As you read this story, you may be thinking of Go50. That’s the Westport group — profiled recently on “06880” — of local men, ages 50 and up, who dedicate time, energy and money to great causes. They’ve done quite a bit, by coincidence, for the Hole in the Wall Gang Camp.

Porter saw that story, and realized that despite the age differences, there were lots of similarities between the 2 groups. He hopes the millennial Boxer Bowtie Club and baby boomer Go50s can at some point partner — and have fun — together.

The Boxer Bowtie Club (above, at the Hole in the Wall Gang Camp) hopes to work with another group that helps that Westport-based organization: Go50.

Of course, the Go50 men have already sent their children off to college. Many of the Boxer Bowtie guys don’t even have kids yet. But — after all those bachelor parties and weddings — they’re on the way.

Porter says that’s one more reason the Boxer Bowtie Club is important. “We hope we’re developing a new generation of philanthropists. We want to do that now, not later. And it’s something we can model, to pass on to our kids.”

So what about that “Boxer Bowtie” name?

“We’re all very loyal — to each other, our communities, and people in need,” Porter explains.

“Dogs are loyal too. We all had dogs growing up. And boxers are some of the most loyal dogs of all.”

As for bowties: At every annual fundraiser, one of their sponsors — David Fin neckwear — hands out bowties, with boxers on them.

It’s fun. It’s informal. It’s a way of bonding.

And it’s definitely not something you’d get at a bachelor party.

(For more information on the Boxer Bowtie Club, click here. Founding members are Kale Butcher, Emil Defrancesco, Luke Dudley, Glen Kendall, Adam Luchansky, Andy Porter, Brett Reis, Matt Silver and Ryan Squillante. Sponsors include the Trunk Club, David Fin and Stella Artois.)

Raising Children In Trump’s America

President Trump’s crackdown on immigrants had an unexpected effect in Westport.

A few schoolchildren were worried. What, they asked their parents, would happen to their Spanish teachers? Would they be deported?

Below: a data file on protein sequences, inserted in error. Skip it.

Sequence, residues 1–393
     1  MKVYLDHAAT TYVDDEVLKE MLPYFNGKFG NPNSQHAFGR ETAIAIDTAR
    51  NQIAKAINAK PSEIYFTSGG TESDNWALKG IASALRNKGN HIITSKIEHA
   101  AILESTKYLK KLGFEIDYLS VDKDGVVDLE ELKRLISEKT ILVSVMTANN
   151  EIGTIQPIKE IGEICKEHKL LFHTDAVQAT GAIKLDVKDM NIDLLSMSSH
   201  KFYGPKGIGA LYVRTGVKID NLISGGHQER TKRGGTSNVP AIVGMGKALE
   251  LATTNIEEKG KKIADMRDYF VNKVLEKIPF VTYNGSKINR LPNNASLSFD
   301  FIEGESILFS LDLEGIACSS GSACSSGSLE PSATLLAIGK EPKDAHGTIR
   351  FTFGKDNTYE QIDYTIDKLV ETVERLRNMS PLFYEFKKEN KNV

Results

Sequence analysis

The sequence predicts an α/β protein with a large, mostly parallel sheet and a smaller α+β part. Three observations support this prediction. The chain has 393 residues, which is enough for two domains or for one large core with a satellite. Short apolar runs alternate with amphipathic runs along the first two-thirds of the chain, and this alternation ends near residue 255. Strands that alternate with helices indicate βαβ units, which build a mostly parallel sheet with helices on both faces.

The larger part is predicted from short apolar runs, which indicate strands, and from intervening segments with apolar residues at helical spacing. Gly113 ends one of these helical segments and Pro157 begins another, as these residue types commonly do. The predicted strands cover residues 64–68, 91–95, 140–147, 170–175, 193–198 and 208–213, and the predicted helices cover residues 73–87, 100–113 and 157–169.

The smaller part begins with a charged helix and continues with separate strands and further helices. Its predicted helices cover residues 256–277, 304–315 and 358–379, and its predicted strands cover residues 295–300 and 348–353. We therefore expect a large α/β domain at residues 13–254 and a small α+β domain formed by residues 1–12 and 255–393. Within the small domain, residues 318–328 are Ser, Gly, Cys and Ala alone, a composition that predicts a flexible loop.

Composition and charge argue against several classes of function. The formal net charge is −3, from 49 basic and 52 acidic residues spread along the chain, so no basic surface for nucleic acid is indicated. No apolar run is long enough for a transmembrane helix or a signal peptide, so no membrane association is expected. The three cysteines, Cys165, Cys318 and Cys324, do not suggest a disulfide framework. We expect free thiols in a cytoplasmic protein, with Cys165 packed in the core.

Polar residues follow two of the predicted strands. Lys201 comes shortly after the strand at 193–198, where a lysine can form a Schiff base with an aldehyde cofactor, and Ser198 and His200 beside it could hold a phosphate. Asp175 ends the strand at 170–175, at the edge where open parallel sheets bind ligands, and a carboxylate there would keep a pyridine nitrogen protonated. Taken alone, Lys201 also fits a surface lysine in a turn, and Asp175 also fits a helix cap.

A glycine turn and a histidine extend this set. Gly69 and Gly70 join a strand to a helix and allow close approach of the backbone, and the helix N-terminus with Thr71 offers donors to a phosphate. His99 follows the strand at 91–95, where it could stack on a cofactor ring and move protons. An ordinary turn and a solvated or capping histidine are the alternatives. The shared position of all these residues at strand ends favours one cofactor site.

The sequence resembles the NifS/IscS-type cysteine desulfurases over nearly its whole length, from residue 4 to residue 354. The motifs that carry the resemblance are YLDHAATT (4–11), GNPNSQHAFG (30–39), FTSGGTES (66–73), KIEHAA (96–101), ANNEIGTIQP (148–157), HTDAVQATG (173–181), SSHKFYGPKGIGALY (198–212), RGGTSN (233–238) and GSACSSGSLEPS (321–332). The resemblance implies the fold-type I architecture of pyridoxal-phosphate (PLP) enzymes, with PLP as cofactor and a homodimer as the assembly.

Other parents heard similar stories, about fears for foreign classmates.

Some parents had their own worries. How, they wondered, should they raise their kids in this “new” America?

They might get answers — or at least, meet similarly fretful folks — this Tuesday night (April 25, 7:30 p.m., Christ & Holy Trinity Church).

The Democratic Women of Westport are hosting a panel. The title — “Raising Children in Trump’s America” — is both timely and provocative.

President Trump, with some American kids.

The DWW says the discussion will “address the needs emerging in our community as a result of the new political landscape.” Panelists will discuss how to talk to children about the political climate in a way that is “authentic, and not fear-based.” The goal is to “use kindness as an act of resistance.”

The panel includes political activists, as well as Marji Lipshez-Shapiro (senior associate director of the Anti-Defamation League of Connecticut) and Claire Dinshaw, editor-in-chief of Staples High School Inklings newspaper.

It will be moderated by Rob Simmelkjaer, a Westport Democratic Committee member and on-air contributor at NBC Sports.

Among the topics they’ll address:

  • How drastic policy shifts are being felt in Fairfield County
  • How immigrant and refugee families are faring locally
  • The social impact of Trump’s rhetoric on our schools and community.